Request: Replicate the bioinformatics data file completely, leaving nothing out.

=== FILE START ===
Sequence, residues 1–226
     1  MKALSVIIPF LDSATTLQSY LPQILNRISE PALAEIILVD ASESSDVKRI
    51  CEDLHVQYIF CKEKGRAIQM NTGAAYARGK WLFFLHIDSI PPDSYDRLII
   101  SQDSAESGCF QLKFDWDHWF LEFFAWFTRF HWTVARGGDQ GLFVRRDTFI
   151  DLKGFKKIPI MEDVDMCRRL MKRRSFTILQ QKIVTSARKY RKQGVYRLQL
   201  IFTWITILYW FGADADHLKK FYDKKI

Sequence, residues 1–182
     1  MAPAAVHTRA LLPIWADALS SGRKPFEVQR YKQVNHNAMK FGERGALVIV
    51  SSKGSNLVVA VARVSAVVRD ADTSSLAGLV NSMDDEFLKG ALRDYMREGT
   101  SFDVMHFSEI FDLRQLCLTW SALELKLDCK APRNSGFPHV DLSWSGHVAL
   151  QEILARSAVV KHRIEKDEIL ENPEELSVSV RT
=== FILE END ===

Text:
Sequence, residues 1–226
     1  MKALSVIIPF LDSATTLQSY LPQILNRISE PALAEIILVD ASESSDVKRI
    51  CEDLHVQYIF CKEKGRAIQM NTGAAYARGK WLFFLHIDSI PPDSYDRLII
   101  SQDSAESGCF QLKFDWDHWF LEFFAWFTRF HWTVARGGDQ GLFVRRDTFI
   151  DLKGFKKIPI MEDVDMCRRL MKRRSFTILQ QKIVTSARKY RKQGVYRLQL
   201  IFTWITILYW FGADADHLKK FYDKKI

Sequence, residues 1–182
     1  MAPAAVHTRA LLPIWADALS SGRKPFEVQR YKQVNHNAMK FGERGALVIV
    51  SSKGSNLVVA VARVSAVVRD ADTSSLAGLV NSMDDEFLKG ALRDYMREGT
   101  SFDVMHFSEI FDLRQLCLTW SALELKLDCK APRNSGFPHV DLSWSGHVAL
   151  QEILARSAVV KHRIEKDEIL ENPEELSVSV RT